Career Consultant
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D avid Thiermann is the most powerful, charismatic career consultant alive, and for good reason. He created that condition himself, and he can show you how to create what you want in your life. He has accomplished feats stronger than moving any mountain: getting people to change to more fulfilling, prosperous careers.
    In Thiermann's world, a wide swath of career opportunities awaits us all- only our self- limitations stand in the way. But luckily for those of us who do want substantially more, Thiermann possesses a lifetime of international vocation experiences and accumulated research data to wield in his personal war on everyone's ugly limitations.
    There are many tools in the Thiermann repertoire, and his consultations cut deep, peeling back layers of mental flesh that hide a person's true calling. The career doctor is always in, ensconced in his public offices - reserved tables at various exclusive restaurants in San Francisco. There, between bites, some of the most important power brokering a client and consultant can manage, goes on. I nailed down Thiermann for this exclusive interview; an article where we can all learn once and for all what David Thiermann is doing with all those clients.

    According to Thiermann, barbers last twenty-five years before they go through a career change, food counter workers only a year-and-a-half, while the rest of us are somewhere in between. Many variables exist in the scheme of career planning and marketing, and in today's highly competitive job market and booming economy, consultants such as Thiermann are worth their weight in gold, for they know the peaks and valleys, along with the hidden traps and treasures of job choices. It's just a matter of sitting down with Thiermann and letting him pick your brain with his rigorous approach of identifying your true vocational desires, then marketing and managing them.

One-Stop Service Station
    After a client is sent to Thiermann, who maintains an extensive network of contacts, the person is queried as to what goals they have in mind.
    "To better understand how I can be of service to you, I need to know what your goals are at the beginning of our work together," says Thiermann, who has assisted clients in beginning new careers as writers, photographers, artists, therapists, models, film directors, dancers, attorneys, musicians, physicians, architects, interior designers, social workers, and many more.
    "There are basically three parts to my program," he says. "The first part is the identification process, whereby through biographical inventories, surveys and testing, we are able to gather a tremendous amount of information on you. We then prioritize that information to focus on exactly where you're coming from and where you want to go, so that when we get to the second phase– which is the marketing phase, or the teaching of how to market yourself as a person, or any of your products, services and businesses– you'll have all of the information in one place."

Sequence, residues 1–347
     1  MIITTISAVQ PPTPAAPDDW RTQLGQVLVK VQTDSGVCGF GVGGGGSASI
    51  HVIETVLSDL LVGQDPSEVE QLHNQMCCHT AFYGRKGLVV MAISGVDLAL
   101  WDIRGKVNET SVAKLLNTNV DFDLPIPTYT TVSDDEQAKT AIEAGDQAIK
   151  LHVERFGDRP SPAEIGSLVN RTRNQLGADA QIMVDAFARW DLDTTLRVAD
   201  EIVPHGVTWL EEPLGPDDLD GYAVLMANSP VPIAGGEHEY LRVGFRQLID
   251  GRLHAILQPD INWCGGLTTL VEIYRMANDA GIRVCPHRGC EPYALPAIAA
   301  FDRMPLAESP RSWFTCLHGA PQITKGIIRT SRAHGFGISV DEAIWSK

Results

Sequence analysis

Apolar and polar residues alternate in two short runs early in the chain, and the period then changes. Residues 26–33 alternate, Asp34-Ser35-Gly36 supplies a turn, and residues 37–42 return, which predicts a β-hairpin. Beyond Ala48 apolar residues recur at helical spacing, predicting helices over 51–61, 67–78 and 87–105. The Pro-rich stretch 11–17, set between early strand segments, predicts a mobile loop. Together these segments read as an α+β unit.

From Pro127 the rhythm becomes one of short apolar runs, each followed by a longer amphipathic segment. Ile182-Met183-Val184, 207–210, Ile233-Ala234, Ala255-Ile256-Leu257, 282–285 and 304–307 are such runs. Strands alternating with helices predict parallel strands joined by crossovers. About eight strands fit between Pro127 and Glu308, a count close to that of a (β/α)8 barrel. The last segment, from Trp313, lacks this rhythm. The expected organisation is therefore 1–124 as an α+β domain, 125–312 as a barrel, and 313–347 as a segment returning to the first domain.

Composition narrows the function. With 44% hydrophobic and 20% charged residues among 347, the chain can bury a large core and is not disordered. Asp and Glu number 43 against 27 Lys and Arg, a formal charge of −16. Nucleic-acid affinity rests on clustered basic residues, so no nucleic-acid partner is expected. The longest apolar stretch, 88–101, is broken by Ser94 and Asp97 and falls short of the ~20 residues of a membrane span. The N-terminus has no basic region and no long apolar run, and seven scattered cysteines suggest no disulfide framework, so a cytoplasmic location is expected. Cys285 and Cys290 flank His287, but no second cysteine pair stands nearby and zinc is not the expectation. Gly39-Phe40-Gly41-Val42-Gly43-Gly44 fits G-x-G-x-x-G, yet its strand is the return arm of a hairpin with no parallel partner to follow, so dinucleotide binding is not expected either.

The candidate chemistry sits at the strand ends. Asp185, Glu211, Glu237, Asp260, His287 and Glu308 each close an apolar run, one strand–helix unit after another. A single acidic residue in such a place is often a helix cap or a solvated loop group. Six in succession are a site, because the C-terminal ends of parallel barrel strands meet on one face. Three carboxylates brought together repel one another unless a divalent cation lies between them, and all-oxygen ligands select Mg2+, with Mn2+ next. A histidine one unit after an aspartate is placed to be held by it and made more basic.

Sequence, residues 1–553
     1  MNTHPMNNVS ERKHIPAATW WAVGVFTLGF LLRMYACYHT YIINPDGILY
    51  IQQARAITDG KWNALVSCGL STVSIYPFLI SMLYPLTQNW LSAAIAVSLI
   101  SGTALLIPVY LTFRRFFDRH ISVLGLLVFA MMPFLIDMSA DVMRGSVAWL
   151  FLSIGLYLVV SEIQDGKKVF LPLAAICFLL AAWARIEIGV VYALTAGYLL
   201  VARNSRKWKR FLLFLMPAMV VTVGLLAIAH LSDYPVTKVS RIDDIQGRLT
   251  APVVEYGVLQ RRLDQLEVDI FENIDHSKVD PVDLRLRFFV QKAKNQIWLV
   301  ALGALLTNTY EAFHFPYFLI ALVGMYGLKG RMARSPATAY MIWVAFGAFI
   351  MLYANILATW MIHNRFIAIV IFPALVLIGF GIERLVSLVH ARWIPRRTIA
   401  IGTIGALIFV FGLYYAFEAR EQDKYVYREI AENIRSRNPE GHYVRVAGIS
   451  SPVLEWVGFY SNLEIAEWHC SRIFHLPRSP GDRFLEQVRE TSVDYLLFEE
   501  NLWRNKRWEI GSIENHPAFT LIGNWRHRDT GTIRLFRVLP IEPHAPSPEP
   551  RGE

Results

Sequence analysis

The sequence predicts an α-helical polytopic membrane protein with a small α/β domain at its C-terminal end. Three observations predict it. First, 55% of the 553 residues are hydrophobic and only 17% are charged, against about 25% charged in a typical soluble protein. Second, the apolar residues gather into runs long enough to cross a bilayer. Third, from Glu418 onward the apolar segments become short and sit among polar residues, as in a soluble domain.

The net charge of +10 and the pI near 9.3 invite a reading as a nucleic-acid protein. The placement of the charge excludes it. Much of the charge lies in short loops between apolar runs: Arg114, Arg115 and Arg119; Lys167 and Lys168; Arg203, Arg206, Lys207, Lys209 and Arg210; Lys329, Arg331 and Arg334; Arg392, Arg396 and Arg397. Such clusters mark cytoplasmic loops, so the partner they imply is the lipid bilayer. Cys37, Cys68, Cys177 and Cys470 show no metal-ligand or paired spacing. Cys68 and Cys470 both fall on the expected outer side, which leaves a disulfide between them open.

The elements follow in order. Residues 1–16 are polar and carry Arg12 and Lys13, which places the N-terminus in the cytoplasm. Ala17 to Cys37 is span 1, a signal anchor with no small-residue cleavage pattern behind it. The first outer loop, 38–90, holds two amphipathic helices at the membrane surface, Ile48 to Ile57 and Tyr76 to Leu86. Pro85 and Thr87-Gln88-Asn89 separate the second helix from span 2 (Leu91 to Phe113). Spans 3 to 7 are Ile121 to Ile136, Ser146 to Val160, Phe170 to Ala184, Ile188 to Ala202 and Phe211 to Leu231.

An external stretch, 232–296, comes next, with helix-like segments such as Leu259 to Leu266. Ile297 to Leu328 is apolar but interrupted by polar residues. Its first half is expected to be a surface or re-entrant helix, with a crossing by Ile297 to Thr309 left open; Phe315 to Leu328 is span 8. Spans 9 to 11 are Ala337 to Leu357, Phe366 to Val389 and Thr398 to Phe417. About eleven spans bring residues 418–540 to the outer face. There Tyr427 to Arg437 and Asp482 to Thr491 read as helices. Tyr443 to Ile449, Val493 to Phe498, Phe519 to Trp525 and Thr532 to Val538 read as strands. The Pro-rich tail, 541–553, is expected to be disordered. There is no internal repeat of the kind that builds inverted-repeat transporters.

Thiermann says there is no sense in trying to market something until you've defined exactly what you're trying to market– or you're going to be wasting your time.
    "The third phase of my approach is long-range management, making sure that you're successful in whatever direction you've chosen. I essentially become one of your coaches and we work as a team. Unfortunately, in the real world, success is made up of ten-percent talent and ninety-percent marketing or packaging of that talent. What happens in my profession as a career consultant is that I get clients coming to me saying, ‘ I'm so talented and I have this great product or service, but I can't understand why I'm not successful.' "
    "Usually, the issue can be pinpointed to a problem with their marketing," says Thiermann. "Clients have been unable to inform the community of their specific service or function– ways they can be of service in a specific way and how they would like the community to support them, emotionally and financially in that endeavor."


“...there is no sense in trying to market something until you've defined exactly what you're trying to market.”
No Idea Too Foreign
    Thiermann knows about marketing, firsthand; through the projects he has been involved in throughout his life– and is adept at marketing the projects to make them successful. Coming from a hardworking, goal-oriented family– where his younger sister Ann teaches figurative and landscape art at UCSC extension, and his brother Eric and father Ian work with Academy Award-winning films dealing with the arms race and global concerns– Thiermann has been involved with projects such as the Tokyo-based organization, Conflict Limited, which attempts to improve business relations between America and Japan; taught at Hiroshima Medical School; written articles for the Journal of African Music, and conducted a television series comparing French Polynesian musical instruments with ones he found in the Amazon.